unnecessary wiles and villainies

Janet Smith was 21 when she took a position as the nanny of wealthy Frederick and Doreen Baker’s baby daughter.

image found here

The Bakers were among the social elite in Vancouver. They lived on the fashionable West Side, then moved in May 1924 to the exclusive Shaughnessy Heights neighborhood.

Their Chinese houseboy, Wong Foon Sing, became infatuated with Janet Smith, giving her presents such as a silk nightdress. Although her friends would later testify that she feared him, her diary would reveal that she enjoyed attracting men.

image found here

On 26 July 1924, Point Grey Police Constable James Green was called to the house. Wong claimed he had heard what sounded like a car backfire; in the basement he found Smith’s body. There was a bullet wound through her temple and a .45 caliber revolver near her right hand.

ivory handled colt 45 found here

Green picked up the weapon, making it impossible to obtain fingerprints from it. Despite there being no bullet, blood or brain tissue on the walls, no powder burns on her face (suggesting she had been shot from a distance), and the fact that the back of her head had been smashed in, Green concluded that she had committed suicide. 

image found here

Undertakers were summoned, and instructed by both the coroner and the police to embalm the body, likely eradicating any clues that it might have yielded, for instance whether Smith had been sexually assaulted. It was the first time the undertaker had embalmed the victim of a violent death without a postmortem. He found unexplained burns on Smith’s right side but a jury bought the scenario that had Janet interrupting her ironing in the basement to walk upstairs to the attic where the gun was kept, carrying it back down to the basement and, holding the pistol at arm’s length, somehow shooting herself in the head.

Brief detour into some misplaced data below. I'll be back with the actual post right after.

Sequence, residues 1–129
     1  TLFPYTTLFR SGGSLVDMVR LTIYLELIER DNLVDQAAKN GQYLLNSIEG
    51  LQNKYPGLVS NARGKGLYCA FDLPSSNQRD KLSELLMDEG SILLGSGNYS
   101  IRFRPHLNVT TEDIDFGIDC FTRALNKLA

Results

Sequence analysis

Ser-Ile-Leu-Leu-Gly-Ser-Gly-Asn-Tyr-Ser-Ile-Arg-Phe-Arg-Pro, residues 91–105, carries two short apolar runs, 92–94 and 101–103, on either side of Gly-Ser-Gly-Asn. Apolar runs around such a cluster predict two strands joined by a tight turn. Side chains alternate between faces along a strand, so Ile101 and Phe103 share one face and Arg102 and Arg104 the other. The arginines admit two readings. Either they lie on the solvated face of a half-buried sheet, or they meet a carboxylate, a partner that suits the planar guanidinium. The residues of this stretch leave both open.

Steve Martin ironing a kitten found here

Friends pressured the provincial government and Attorney General Alexander Malcolm Manson to reopen the case. The Vancouver Star, a scandal sheet published by Victor Odlum, was quick to pounce on the affair.

The body was exhumed on 28 August and a second inquest held. This time the jury concluded that Smith had been murdered. Manson appointed a special prosecutor, Malcolm Bruce Jackson.

Suspicion immediately fell on Wong, the only other person in the house when the crime was supposedly committed. In the 1920s, persons of Chinese descent could not become Canadian citizens, which meant they could not join professions such as medicine, architecture or law. They were barred from public swimming pools and restricted to the balconies of movie theatres. The Star published several articles in late July and early August in which it portrayed Wong as the likely killer.

read about this Chinese swimmer here

Victor Odlum was an “exclusionist”; he believed that Asians could not assimilate with whites and had run on an anti-Asian platform in the 1921 federal election. In August, he published an editorial called “Should Chinese Work with White Girls? He called for legislation to “preserve white girls of impressionable youth from the unnecessary wiles and villainies of low caste yellow men”

Bruce and Bolo found here

Interest gradually died down, until on 20 March 1925, Wong was kidnapped by a group of men dressed in Ku Klux Klan robes. They proceeded to torture their captive for six weeks, trying to elicit a confession, but Wong refused to cooperate. On 1 May, he was released.

image found here